· In progressing the second phase of the Severn Tidal Power feasibility study this Council considers it essential that full and detailed contact is maintained with those local authorities that might be affected by the development of a Severn Tidal power scheme such as the Cardiff (Lavernock/Penarth) to Weston barrage.
8. While the delivery mechanism for the provision of a Severn Barrage may have changed, the resultant impacts of a Cardiff (Lavernock/Penarth) to Weston barrage proposal remain the same and it is considered that in the absence of more detailed and scheme specific information that the comments above should be submitted in response to the current Commons Select Committee consultation.
Resource Implications (Financial and Employment)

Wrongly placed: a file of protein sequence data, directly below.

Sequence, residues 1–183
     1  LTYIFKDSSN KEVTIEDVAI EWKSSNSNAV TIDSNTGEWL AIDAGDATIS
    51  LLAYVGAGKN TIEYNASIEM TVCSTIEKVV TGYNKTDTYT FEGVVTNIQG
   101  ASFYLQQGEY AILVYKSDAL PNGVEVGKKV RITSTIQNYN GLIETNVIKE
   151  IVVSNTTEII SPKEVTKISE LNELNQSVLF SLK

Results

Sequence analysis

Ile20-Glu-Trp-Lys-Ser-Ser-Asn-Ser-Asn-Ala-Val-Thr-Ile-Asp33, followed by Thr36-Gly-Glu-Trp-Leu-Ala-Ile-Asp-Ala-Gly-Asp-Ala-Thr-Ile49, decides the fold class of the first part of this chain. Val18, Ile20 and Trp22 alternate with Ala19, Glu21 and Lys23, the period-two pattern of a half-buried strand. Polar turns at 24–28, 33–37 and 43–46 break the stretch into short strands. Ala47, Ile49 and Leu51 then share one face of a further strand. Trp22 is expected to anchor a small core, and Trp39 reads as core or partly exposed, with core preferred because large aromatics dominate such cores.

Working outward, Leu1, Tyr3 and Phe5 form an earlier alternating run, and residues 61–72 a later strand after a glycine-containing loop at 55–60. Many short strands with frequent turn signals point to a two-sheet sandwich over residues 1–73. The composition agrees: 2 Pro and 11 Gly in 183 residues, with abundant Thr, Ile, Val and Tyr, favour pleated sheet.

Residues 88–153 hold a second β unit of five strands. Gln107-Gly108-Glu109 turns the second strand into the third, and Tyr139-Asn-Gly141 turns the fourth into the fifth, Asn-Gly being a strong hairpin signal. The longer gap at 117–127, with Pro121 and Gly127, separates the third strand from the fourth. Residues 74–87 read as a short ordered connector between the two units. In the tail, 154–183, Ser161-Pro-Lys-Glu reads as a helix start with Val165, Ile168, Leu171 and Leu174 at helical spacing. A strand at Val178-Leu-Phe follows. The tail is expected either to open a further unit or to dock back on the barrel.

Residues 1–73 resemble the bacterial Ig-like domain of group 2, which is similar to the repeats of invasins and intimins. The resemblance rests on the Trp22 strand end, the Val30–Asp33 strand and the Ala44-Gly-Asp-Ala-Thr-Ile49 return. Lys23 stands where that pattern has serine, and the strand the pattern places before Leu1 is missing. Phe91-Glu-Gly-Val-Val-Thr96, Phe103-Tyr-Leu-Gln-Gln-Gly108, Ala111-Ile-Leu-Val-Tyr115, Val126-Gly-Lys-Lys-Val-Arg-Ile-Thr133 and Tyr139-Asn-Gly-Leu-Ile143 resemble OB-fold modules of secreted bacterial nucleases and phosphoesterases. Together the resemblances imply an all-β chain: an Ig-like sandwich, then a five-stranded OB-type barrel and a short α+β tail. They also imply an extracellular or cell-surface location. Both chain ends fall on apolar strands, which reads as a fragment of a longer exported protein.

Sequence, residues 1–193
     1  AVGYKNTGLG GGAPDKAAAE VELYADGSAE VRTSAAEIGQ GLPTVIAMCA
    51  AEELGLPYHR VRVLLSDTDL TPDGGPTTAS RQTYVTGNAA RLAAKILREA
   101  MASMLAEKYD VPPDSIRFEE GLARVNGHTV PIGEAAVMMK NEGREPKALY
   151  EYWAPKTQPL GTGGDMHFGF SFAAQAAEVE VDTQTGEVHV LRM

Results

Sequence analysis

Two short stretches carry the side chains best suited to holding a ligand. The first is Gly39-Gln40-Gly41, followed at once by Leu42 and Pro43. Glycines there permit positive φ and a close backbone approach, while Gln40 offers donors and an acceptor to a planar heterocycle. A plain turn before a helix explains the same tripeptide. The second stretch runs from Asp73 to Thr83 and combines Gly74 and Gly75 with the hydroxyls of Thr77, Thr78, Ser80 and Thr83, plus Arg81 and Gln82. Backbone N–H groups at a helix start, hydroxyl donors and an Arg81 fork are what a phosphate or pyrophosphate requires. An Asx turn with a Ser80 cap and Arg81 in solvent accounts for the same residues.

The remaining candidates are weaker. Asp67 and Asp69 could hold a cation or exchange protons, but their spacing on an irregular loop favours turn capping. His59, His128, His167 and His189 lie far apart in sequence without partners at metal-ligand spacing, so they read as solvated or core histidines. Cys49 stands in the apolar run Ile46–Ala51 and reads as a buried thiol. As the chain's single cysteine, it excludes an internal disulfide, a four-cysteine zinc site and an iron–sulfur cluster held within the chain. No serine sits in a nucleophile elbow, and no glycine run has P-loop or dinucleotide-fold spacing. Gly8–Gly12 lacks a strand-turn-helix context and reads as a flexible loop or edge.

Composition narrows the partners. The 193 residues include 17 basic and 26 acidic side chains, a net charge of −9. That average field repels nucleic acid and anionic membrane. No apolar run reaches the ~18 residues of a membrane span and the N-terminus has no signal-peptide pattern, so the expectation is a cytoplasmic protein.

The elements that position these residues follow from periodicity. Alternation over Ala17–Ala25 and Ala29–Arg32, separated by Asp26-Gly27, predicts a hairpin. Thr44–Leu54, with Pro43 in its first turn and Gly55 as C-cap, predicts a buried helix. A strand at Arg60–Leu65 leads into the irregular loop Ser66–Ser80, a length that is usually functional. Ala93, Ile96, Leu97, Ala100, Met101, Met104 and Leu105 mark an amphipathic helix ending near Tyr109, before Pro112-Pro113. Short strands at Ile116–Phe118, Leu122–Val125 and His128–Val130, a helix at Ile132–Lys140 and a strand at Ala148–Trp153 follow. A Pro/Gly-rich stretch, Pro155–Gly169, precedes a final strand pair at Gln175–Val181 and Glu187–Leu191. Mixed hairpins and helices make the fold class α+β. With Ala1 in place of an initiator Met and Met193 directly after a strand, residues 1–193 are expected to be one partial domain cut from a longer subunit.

9. There are no direct resource implications to the Council at this stage of the Severn Tidal Power Feasibility Study other than the involvement in the development of the project as one of many consultees.
Sustainability and Climate Change Implications
10. The Development of a Cardiff (Lavernock/Penarth) to Weston barrage across the River Severn would produce approximately 5% of the UK energy needs and would assist in meeting the UK target set out in the Climate change Act of 2008 to reduce greenhouse gas emissions by 80% by 2050 from a 1990 baseline. The development of a barrage could however have a significant adverse impact upon the ecology and habitats of the Severn Estuary.
Legal Implications (to Include Human Rights Implications)
11. None arising from this report.
Crime and Disorder Implications
12. None arising from this report.
Equal Opportunities Implications (to include Welsh Language issues)
13. None arising from this report.
14. At this stage in the progression of tidal power proposals within the Severn Estuary it is difficult to identify the impacts upon the various service areas of the Council. However, given the scale of any future tidal power scheme such impacts could be considerable especially in terms of environmental impact and economic development and regeneration.